Once the subject of satire, Portland’s cultural cache of “hipster” delights and oddities has, it seems, outlived its reputation. Although Portlandia may now be passé, the cottage industry of creators, makers, designers, farmers, and organizers carries on. A Portland Food photographer benefits from their hard work and can enjoy working in the second-best foodie city in the USA.
At Wonderful Machine, we define Food Photography as imagery that depicts consumable products or experiences. In our lexicon of photography specialties, we group Food and Drink photography together. Generally speaking, a Food photographer also often works with drinks. This type of photography is intended to arouse your sensations and enliven your appetite.
A professional Food photographer usually works with a food stylist to create an alluring and enticing scene. Wafting smoke from the grill, vegetables sizzling in a saute pan, or the quintessential image of cheese stretching from a slice of pizza — these are momentary scenes that activate our taste buds and animate our engagement with an image. Moreover, since food is still food before it hits the grill and plate, depicting all stages of food production and consumption is also part of Food photography. With an abundance of farms near the city, a Portland Food photographer will also shoot imagery of fresh produce on location.
These are the bread-and-butter basics of Food photography that we are smothered in daily. Achieving high-quality imagery is an intricate process. It requires careful planning and execution to capture before the delicious moment vanishes or gets eaten up. The 7 Portland Food photographers collected in this article have all demonstrated their ability to capture and create high-quality imagery. They represent the breadth of the genre and match the quality of the food scene that put Stumptown on the foodie map.
Dina Ávila is passionate about capturing the vivaciousness of her edible subjects. She was the winner of the prestigious James Beard Media Award for Visual Storytelling in 2016 and has worked with many top international publications and brands. She has also collaborated with chefs to create the imagery for numerous cookbooks. Dina’s use of vibrant colors and strong contrast creates detailed and highly realistic images. Carefully styled plates and scenes create a context for the qualities of each dish to shine. Her images capture the detail of artfully plated dishes and fresh ingredients. Dina has a way of accentuating the appetite-stimulating textures of the foods she documents. There is a cool down-to-earth presence in each of her photos. It’s as though you could grab one of the tacos from your own kitchen counter. They feel unfiltered and unpretentious although the lighting is usually highly controlled.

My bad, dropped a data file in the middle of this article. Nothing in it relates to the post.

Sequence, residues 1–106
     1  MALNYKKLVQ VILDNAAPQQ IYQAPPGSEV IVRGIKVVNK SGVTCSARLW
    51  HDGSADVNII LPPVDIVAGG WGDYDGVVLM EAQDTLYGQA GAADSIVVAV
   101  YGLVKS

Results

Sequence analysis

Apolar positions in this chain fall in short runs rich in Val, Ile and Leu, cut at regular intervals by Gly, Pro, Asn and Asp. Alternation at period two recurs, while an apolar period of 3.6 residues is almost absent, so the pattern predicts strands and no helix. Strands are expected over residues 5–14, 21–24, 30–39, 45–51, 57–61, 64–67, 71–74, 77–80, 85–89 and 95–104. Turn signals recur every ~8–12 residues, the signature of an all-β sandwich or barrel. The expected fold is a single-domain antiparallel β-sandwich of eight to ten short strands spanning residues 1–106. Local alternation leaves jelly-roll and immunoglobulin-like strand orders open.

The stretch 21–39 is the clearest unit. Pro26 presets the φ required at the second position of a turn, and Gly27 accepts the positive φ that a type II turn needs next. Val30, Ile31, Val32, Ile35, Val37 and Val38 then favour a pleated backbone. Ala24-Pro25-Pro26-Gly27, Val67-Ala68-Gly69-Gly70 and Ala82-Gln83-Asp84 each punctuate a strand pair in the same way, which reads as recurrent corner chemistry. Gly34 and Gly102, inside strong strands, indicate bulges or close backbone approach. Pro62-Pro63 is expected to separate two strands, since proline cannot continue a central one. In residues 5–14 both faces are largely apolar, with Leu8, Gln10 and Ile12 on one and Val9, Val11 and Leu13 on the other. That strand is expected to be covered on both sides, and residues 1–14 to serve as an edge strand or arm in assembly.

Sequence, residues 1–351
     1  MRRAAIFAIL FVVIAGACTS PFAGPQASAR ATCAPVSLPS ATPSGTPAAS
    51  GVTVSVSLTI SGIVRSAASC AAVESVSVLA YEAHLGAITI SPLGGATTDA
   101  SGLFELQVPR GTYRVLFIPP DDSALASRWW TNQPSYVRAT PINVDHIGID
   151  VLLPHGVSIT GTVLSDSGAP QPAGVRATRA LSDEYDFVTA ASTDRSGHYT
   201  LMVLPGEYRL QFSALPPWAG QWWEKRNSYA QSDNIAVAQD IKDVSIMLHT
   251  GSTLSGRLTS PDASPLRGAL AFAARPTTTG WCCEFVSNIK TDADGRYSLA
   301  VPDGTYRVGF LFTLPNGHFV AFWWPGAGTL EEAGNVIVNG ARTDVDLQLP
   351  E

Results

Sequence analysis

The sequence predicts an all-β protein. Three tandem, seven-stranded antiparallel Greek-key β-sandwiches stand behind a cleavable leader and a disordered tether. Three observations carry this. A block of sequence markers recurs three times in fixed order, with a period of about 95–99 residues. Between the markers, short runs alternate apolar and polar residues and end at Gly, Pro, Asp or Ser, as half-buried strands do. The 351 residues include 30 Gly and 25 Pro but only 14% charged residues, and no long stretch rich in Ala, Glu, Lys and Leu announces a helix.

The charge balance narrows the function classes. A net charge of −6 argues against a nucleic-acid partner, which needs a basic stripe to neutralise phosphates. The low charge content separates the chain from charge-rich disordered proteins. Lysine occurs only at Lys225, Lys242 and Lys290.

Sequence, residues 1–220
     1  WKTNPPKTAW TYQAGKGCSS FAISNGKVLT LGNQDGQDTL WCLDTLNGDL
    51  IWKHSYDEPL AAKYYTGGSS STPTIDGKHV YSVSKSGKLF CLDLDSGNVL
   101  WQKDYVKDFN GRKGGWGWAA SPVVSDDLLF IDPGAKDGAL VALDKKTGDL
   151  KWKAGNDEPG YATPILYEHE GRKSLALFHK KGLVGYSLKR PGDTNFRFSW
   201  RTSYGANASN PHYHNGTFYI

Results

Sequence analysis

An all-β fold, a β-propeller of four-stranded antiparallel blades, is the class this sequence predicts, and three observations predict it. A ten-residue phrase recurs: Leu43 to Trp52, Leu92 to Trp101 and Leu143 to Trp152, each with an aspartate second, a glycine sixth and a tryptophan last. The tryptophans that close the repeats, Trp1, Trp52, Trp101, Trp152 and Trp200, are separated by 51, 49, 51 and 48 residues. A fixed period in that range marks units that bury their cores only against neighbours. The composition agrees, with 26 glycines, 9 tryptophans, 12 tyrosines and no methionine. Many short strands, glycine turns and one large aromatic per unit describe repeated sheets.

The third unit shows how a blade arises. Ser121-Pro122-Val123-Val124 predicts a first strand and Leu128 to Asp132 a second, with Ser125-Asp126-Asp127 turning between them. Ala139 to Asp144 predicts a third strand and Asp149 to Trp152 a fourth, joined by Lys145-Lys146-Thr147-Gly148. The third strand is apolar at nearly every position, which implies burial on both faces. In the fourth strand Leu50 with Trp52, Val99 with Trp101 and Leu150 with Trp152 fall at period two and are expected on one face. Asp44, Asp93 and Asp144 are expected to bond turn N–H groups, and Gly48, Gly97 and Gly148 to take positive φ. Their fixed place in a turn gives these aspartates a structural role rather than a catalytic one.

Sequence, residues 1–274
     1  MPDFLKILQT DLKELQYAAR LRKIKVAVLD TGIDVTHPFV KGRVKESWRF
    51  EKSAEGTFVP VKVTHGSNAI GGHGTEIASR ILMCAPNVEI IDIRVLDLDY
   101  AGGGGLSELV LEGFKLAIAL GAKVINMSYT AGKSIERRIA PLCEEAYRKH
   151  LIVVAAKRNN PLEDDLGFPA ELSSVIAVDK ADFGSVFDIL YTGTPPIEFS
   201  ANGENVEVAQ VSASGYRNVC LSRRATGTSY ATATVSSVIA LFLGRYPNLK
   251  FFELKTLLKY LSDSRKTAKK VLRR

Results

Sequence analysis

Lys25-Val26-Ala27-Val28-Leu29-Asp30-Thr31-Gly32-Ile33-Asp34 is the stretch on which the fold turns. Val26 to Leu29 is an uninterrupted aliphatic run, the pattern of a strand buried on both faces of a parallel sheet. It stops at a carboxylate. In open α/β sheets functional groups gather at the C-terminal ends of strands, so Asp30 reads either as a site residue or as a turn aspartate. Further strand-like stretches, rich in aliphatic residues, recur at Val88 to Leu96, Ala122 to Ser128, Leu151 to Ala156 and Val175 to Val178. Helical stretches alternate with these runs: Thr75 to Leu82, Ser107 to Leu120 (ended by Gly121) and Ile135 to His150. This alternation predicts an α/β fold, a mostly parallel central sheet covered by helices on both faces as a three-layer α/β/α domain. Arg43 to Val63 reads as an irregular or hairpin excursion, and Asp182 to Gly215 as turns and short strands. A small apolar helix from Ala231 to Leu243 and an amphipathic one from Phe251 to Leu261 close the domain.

John Valis has artfully documented the work of renowned chefs across the USA for the last 20 years. Whether in the kitchen, studio, or restaurant, John crafts a warm and elegant tone in his images. His work captures the eloquence and refinement of a craft. He often shoots in the context of a restaurant, where he creates scenes that capture the opulence and repose associated with fine dining. Moreover, his images capture each chef’s dedication and attention to detail. John also documents the entirety of the dining experience. He incorporates portraits of the makers, dining spaces, and restaurant patrons. John captures more than just the food itself. He creates a rich and artful context to exhibit finely plated delicacies. It’s said that we eat with our eyes, and John’s photography draws viewers into a gastronomical world of flavor.
Michael Shay is more than just a Portland Food photographer. He is a poet and founder of commercial photography studio, Polara Studio, which has been in operation in Portland for over 25 years. Michael shoots all varieties of delectable delights, styled and framed in settings that evoke their flavor profile. Be it a carefully braised shrimp or waffle ice cream sandwich, Michael emphasizes all of the delicious details in their splendor. His extensive use of natural light creates images that are warm, inviting, and familiar. These all-important qualities for stimulating cravings and desire are present throughout his portfolio, even in his more controlled studio-lit imagery. Regardless of the subject or setting, Michael captures everyday eats as well as elaborate preparations in a familiar and enticing light.